A Better Way of Booting

On those rare occasions when you have to reboot your Linux system, the first thing you probably see is the terse prompt of LILO, the most common bootloader for Linux on Intel-compatible systems. Its familiar prompt LILO: is itself a diagnostic indicating the progress of the booting process.

On those rare occasions when you have to reboot your Linux system, the first thing you probably see is the terse prompt of LILO, the most common bootloader for Linux on Intel-compatible systems. Its familiar prompt LILO: is itself a diagnostic indicating the progress of the booting process.

It’s always sad to say goodbye to an old friend, but there’s a newer, more general and flexible kid on the block named GRUB, and there are lots of good reasons to switch.

LILO has done its job reliably and well for many years, but it has always had one significant drawback; whenever you replace a kernel or change the boot configuration in any non-trivial way, you must remember to reinstall LILO into the computer’s Master Boot Record.

If you forget to do this, you can end up with a system that can be booted only from a floppy disk (after which you can rerun LILO). For more information on using LILO, see the December 1999 issue (http://www.linux-mag.com/1999-12/guru_01.html).

GRUB is the GRand Unified Bootloader (http://www.gnu.org/software/grub), which was originally written by Erich Boleyn and is now part of the GNU project. As of version 7.2, Red Hat Linux installs GRUB by default (although it still offers LILO as an option for those who prefer it).

Using GRUB

GRUB is designed to be operating system-independent and more flexible than earlier bootloaders. One of its main advantages is that it can operate as a boot-time shell, providing an environment where you can enter any boot command you want. In this way, GRUB allows you to select an alternate configuration or kernel without requiring any prior preparation.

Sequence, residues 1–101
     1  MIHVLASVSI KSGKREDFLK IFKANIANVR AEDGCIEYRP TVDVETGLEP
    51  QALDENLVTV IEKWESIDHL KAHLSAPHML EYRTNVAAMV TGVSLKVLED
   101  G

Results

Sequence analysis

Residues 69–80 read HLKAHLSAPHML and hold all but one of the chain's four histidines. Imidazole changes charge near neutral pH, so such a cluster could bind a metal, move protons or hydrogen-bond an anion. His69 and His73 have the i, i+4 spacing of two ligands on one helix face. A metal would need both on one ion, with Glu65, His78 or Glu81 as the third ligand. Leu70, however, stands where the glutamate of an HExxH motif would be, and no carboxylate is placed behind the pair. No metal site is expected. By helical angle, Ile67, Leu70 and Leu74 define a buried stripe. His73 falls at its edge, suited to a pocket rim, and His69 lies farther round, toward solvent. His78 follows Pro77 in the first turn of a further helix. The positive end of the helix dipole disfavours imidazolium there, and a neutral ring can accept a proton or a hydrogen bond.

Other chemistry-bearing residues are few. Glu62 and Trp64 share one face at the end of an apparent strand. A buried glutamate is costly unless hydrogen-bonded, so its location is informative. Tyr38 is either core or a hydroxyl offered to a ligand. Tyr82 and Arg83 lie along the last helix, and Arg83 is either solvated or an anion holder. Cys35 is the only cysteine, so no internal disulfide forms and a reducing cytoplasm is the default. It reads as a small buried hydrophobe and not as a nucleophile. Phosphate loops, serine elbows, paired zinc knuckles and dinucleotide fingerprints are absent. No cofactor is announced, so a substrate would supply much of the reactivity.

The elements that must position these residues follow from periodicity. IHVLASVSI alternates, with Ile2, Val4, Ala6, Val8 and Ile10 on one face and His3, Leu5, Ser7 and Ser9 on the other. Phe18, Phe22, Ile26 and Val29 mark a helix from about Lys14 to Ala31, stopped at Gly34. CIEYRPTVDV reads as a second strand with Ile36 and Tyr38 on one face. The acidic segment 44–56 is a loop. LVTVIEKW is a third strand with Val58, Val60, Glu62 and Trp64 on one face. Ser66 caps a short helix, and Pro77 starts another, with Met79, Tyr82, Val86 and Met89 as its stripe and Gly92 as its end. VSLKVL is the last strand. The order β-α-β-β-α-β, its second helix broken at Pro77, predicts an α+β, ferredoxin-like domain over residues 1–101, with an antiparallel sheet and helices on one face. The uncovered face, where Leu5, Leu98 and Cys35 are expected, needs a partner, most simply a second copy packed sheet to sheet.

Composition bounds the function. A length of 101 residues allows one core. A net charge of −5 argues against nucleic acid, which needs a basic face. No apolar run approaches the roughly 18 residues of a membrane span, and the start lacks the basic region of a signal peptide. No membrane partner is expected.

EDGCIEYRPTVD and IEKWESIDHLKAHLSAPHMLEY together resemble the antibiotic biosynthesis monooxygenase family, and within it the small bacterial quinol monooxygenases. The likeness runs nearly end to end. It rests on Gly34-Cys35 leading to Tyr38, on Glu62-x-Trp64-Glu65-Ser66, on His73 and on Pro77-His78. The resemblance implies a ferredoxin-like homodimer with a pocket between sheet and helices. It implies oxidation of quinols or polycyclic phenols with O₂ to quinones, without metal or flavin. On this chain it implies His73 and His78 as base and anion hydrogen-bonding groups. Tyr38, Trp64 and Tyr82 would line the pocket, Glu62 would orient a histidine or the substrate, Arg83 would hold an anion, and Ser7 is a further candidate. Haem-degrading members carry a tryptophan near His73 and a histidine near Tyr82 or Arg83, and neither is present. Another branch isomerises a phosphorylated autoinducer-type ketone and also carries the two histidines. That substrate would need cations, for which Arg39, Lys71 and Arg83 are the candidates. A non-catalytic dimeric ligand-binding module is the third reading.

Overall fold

When a system starts to boot, GRUB displays an attractive splash screen offering a menu of predefined boot choices. At this point, there are several options: select one of the standard choices, modify one of them, or enter raw GRUB commands.

Selecting one of the standard options is easy and performed in the obvious way. Alternatively, you can select one of the listed menu items and then press the E key to edit that choice before it is booted. For example, you could boot the default Linux configuration in single-user mode in this way:

  1. Select the top choice from the menu.

  2. Press E (for “Edit”). The configuration commands corresponding to that choice will appear.

  3. Move the cursor to the line containing the kernel keyword and edit it so that the parameter single is included at the end of the line.

  4. Move the cursor back to the first command in the window and then press B to begin the boot process.

Alternatively, you can enter boot commands manually instead of selecting one of the existing menu choices, effectively defining and then running a new configuration on the fly. You do this by pressing the C key from the main menu to reach the GRUB interactive command prompt.

Figure One shows an example sequence of commands that could be used to boot a Linux operating system installed on the first hard disk.